Some say death can be your ally. Yeah, maybe…
If you’re an Inuit shaman or a Yoruba priestess. Some days I can dig it. Mostly I doubt that death teaches us anything.
Today marks the year-one anniversary of ZL’s death. I first met Z when she ran into a theater rehearsal and shouted “they’re gonna put artists on a salary!” She was right. For five years, hundreds of us — filmmakers, theater artists, muralists, musicians — collected a paycheck and benefits for doing art in America. Impossible? No. Thanks to Z, we all applied for the program. Oh, the stuff we accomplished.
ZL lived in a Northern California commune through her 20s. We’re talking serious close-to-the-land self-sufficiency with a righteous point to make — this system sucks; we’re gonna build a better one. If you don’t mind wood stoves, kerosene lanterns and outhouses, they succeeded. When she returned to San Francisco, Z lived on Dolores Street in a rangy pullman apartment that logged in more traffic than the Bay Bridge.
I knew Z best from working with her in the Pickle Family Circus. I put the band together, Z did advance work (we toured a lot), juggled, and worked as a roustabout. Boundless energy, stubborn positivism, and gallons of coffee gave the woman superhuman powers. When stricken, Z didn’t appreciate her condition; it pissed her off to be dying. No apparent lesson to be learned there.
HM was the next to go. He was one of my few male friends in Los Angeles. Guys. Most of them don’t age sociably. HL did. He was an exquisite guitarist and songwriter born in Boyle Heights when the community integrated — half Jewish, half Chicano. H was half Jewish, half Chicano. Brooklyn Avenue became Cesar Chavez Avenue and everybody in the ‘hood thought it was cool.
HM told amazing stories, had a great sense of humor and made me laugh, showed me where to buy the best guitar, get these special strings. H could play anything. We both sang and sounded great together, rarely rehearsed. We already knew the same tunes. We could play “Don’t Think Twice” as a polka and make it swing. H bailed because the cure grew worse than his disease. Lessons? H was wiser, funnier, and a better musician when he was alive. Dead, he’s just not here anymore.
HR played tenor and drove a cab. Born in Detroit, H split after college, came out to San Francisco. All time I knew him (decades), H wore a perennial beard and a black Greek fisherman’s hat.
I met H in Winter Sun, my first electric band. He came across to play with us in the Pickle Family Circus band. He was the calmest adventurer I’ve ever known. He’d say ‘why not’ and try anything. H loved jazz, his friends, and marijuana until he dropped it. He excelled without need for recognition.
When H learned what assaults he would have to endure to gain a few more months, he said ‘no thanks.’ His decision seemed very much in character. I guess that means he died the way he lived.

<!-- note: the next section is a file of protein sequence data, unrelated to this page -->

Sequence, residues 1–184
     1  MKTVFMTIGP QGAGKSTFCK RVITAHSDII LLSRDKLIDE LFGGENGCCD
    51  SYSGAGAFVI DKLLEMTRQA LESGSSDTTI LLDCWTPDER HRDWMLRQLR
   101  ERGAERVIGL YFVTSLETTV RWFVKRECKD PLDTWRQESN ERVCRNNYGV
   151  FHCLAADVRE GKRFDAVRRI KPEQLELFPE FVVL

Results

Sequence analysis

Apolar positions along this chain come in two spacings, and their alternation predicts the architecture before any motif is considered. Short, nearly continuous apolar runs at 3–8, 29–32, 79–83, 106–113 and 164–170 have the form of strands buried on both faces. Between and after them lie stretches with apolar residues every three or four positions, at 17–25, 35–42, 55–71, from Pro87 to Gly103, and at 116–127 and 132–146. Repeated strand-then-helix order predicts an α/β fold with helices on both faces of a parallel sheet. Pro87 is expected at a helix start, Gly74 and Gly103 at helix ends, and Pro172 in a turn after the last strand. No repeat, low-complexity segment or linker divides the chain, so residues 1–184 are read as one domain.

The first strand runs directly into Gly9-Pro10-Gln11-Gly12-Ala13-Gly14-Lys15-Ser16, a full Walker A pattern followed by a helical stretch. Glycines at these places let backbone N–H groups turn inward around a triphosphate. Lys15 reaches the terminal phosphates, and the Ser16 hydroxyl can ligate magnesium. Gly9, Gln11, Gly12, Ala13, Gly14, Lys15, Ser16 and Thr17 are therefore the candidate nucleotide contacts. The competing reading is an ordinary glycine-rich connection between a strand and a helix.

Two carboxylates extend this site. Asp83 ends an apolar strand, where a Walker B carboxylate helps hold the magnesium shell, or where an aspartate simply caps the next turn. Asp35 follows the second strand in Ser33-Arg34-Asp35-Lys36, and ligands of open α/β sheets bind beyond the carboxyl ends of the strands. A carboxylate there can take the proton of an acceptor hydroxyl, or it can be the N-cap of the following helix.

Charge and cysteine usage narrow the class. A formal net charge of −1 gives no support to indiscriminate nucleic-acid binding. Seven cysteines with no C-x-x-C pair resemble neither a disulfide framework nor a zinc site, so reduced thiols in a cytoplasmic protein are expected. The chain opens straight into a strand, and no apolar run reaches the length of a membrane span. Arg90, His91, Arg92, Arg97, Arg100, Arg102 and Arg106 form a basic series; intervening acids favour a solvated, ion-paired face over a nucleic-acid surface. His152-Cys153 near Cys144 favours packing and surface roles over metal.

DL was my oldest friend. We rambled, raced, rocked and rolled together from fourth grade through high school. D was born in the UK but emigrated when his old man, a British colonial attache in North Africa and graduate of the Royal Military Academy at Sandhurst, decided he could not tolerate the socialist disaster that befell his precious bloody England when they booted Churchill out of Number 10 Downing. DL’s dad snatched up his wife and child and fled to our small Massachusetts town.
DL was smart but unpopular. His unorthodox intelligence suffered from the censorship of traditional education and an intolerant township elite. D grew to be an inspired liar and learned how to not give a damn. He did not-give-a-damn well, even flamboyantly. According to the club, D had already boarded the train bound for purgatory. I always liked the guy. We hung out in high school and I don’t think he ever crossed me.
I lost track of D after high school. After my old man died, my mother moved away and I lost track of everyone in that little town. David and I picked up at our 40th high school reunion, the first we had ever attended.
DL may have gone to purgatory, but he returned as a fabulously rich man. He restored a house on the water in Duxbury with a ship chandlery from 1820 still outfitted in the back room. A vineyard ran down a gentle slope to Cape Cod Bay. He refitted an elegant, seaworthy 70-foot, ketch-rigged schooner from the Gilded Age and built a hilltop palace on St. Lucia.
DL and I had reached two different destinations, often traveling the same paths, but not together. I had been a revolutionary, D a hippie entrepreneur. We disagreed on everything. We didn’t give a damn; we loved each other unconditionally. I barked back at his smart but cynical worldview. He understood and supported my writing, the worlds I choose to explore. I marveled at the generosity of his extravagance.
D only shined me on one time. He told me he was fine when he wasn’t. He told me not to bother visiting him, he’d be back on his feet by summer. In reality— like HR — DL pitted the cure against the cause and the cure lost. All I learned from DL’s death is how much I miss him.
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Maybe I’m wrong. Maybe death can be an ally, a mentor. It’s certainly a reality. But as the losses increase, life begins to feel like war. And — as with war — there are no lessons to be learned from death. Perhaps I’ll learn something after the fact. In the meantime, I love life too much to seek instruction.
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Writer, editor, and educator based in Los Angeles. He's also played a lot of music. Degelman teaches writing at California State University, Los Angeles.
Degelman lives in the hills of Hollywood with his companion on the road of life, four cats, assorted dogs, and a coterie of communard brothers and sisters.